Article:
Commissioned in 1936 by Francis Brownell, President of First National Bank of Seattle, Flying Cloud was designed by Edwin Monk, Sr. and launched by Grandy Boat Works in April of 1937. She was the first documented private yacht of her size built on the west coast with twin diesels, and was also the first west coast yacht to be built with Monel props and shafts. Conscripted by the Coast Guard 1941 USCG 1313, and later the Navy 1942 outbreak of World War II, Flying Cloud was outfitted with sonar and depth charges as she patrolled the Eastern Juan de Fuca straits watching for enemy submarines, Stationed at Anacortes, WA. Flotilla 13.
Flying Cloud was drafted into Coast Guard Seattle April 1940 as USCG-1313 of the 13th District. She was then transferred to the US Navy and manned by a 6 member crew and rigged with Sonar and 4 x 300 lb depth charges on her stern, and a 50 cal. standing gun on her bow, she patrolled the Eastern Straits, flotilla 13 being stationed in Anacortes.
I have spent many hours at the National Archive and the Coast Guard Museum, as well as the many Naval Historical Societies online. We have the transfer papers from Francis Brownell Jr. the original owner, to the Coast Guard. Including the subsequent transfer papers to the US Navy; we have been unable to locate her USN name and number as she was listed as the ex-Flying Cloud in the USN Documents that we have found. The Sonar was still on the boat and continued to operate until 1997.
Flying Cloud was taken out of service and sold in 1944, as the original owner was so disappointed in her condition, she was painted Naval Gray stem to stern. Brownell also was drafted to the US Executive Branch, and became the Cesar for the Silver Bullion policy during the WWII.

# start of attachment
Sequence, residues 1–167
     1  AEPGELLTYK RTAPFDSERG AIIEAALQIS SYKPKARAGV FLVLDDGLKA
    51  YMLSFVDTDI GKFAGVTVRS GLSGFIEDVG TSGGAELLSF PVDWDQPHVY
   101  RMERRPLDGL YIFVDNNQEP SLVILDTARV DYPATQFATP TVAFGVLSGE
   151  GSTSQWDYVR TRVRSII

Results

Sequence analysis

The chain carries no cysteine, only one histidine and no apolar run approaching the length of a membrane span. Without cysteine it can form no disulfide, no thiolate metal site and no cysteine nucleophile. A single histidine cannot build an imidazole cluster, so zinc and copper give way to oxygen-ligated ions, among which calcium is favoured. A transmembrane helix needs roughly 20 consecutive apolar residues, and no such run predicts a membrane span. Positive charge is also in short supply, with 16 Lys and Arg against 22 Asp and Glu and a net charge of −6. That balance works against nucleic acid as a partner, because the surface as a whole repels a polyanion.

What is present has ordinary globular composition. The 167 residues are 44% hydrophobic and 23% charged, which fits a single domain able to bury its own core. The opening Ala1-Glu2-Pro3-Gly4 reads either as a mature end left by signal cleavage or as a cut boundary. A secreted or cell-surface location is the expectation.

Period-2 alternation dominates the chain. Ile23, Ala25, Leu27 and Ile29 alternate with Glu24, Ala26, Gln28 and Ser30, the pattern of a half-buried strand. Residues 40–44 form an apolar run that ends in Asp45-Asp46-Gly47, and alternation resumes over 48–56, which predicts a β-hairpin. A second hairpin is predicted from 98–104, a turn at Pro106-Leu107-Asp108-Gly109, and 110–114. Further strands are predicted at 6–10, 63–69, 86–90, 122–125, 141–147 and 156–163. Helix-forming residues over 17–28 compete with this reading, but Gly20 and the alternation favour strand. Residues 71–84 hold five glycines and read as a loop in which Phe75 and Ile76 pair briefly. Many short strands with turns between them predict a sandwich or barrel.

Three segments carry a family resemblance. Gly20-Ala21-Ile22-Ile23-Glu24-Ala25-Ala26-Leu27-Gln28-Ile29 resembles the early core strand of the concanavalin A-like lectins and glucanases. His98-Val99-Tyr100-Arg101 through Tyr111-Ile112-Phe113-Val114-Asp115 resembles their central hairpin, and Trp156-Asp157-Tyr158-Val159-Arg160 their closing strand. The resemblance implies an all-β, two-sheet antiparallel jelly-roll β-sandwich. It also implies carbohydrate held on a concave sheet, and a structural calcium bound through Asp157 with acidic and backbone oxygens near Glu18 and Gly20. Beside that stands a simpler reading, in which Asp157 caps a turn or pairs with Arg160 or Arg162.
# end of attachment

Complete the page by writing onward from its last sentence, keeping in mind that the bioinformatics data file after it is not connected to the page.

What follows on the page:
Flying Cloud continued her war effort as MV Researcher; she was sold to Lyle Branchflower and allotted an unlimited diesel fuel usage. She was then outfitted with a full rendering lab and began fishing the waters of the Pacific Coast from California to Alaska. Lyle was the single US Company that developed the fish liver oil business, which then provided the raw stock for creating Vitamins A and E for the troops. During her research years Flying Cloud motored as far South as San Francisco and North to Dutch Harbor Alaska, she went to Alaska every year until the late 1950's as a research vessel. In 1964 she was re-powered and converted back to a private yacht.
The National Archive at Falling Waters has all of the deck-logs for each private vessel used during the war, copies can be acquired. You need to provide the transfer documents and any vessel names and military numbers, they charge a research fee of $125.00 per hour with no guarantee of how much time it will take -- you have to give them a dollar amount not to exceed. I was also advised that they continue to catalog these documents and that in time the research will be available online. I have many links to various of the Historical Naval Research web sites, there are many pictures of some of these Private Yachts in their full Naval Gray war paint. We long for the day when we can get a picture of Flying Cloud fully dressed in Naval Gray proudly sporting her USN number.